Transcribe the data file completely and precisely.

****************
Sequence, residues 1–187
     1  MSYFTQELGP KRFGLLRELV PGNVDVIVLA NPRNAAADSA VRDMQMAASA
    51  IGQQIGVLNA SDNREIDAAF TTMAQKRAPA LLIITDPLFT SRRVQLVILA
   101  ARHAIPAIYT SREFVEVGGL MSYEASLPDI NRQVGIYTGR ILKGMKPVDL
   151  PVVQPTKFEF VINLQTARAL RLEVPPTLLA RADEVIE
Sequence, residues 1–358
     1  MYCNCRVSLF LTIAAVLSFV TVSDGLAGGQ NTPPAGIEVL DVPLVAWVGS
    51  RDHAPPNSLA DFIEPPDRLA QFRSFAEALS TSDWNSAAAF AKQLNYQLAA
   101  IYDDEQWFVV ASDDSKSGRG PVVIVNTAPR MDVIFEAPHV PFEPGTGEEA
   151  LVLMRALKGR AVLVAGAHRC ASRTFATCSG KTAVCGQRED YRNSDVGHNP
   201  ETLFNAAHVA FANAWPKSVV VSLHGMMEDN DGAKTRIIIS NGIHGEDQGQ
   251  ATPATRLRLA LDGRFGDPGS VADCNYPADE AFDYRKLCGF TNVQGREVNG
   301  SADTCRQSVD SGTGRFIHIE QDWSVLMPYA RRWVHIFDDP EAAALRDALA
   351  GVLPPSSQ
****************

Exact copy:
Sequence, residues 1–187
     1  MSYFTQELGP KRFGLLRELV PGNVDVIVLA NPRNAAADSA VRDMQMAASA
    51  IGQQIGVLNA SDNREIDAAF TTMAQKRAPA LLIITDPLFT SRRVQLVILA
   101  ARHAIPAIYT SREFVEVGGL MSYEASLPDI NRQVGIYTGR ILKGMKPVDL
   151  PVVQPTKFEF VINLQTARAL RLEVPPTLLA RADEVIE
Sequence, residues 1–358
     1  MYCNCRVSLF LTIAAVLSFV TVSDGLAGGQ NTPPAGIEVL DVPLVAWVGS
    51  RDHAPPNSLA DFIEPPDRLA QFRSFAEALS TSDWNSAAAF AKQLNYQLAA
   101  IYDDEQWFVV ASDDSKSGRG PVVIVNTAPR MDVIFEAPHV PFEPGTGEEA
   151  LVLMRALKGR AVLVAGAHRC ASRTFATCSG KTAVCGQRED YRNSDVGHNP
   201  ETLFNAAHVA FANAWPKSVV VSLHGMMEDN DGAKTRIIIS NGIHGEDQGQ
   251  ATPATRLRLA LDGRFGDPGS VADCNYPADE AFDYRKLCGF TNVQGREVNG
   301  SADTCRQSVD SGTGRFIHIE QDWSVLMPYA RRWVHIFDDP EAAALRDALA
   351  GVLPPSSQ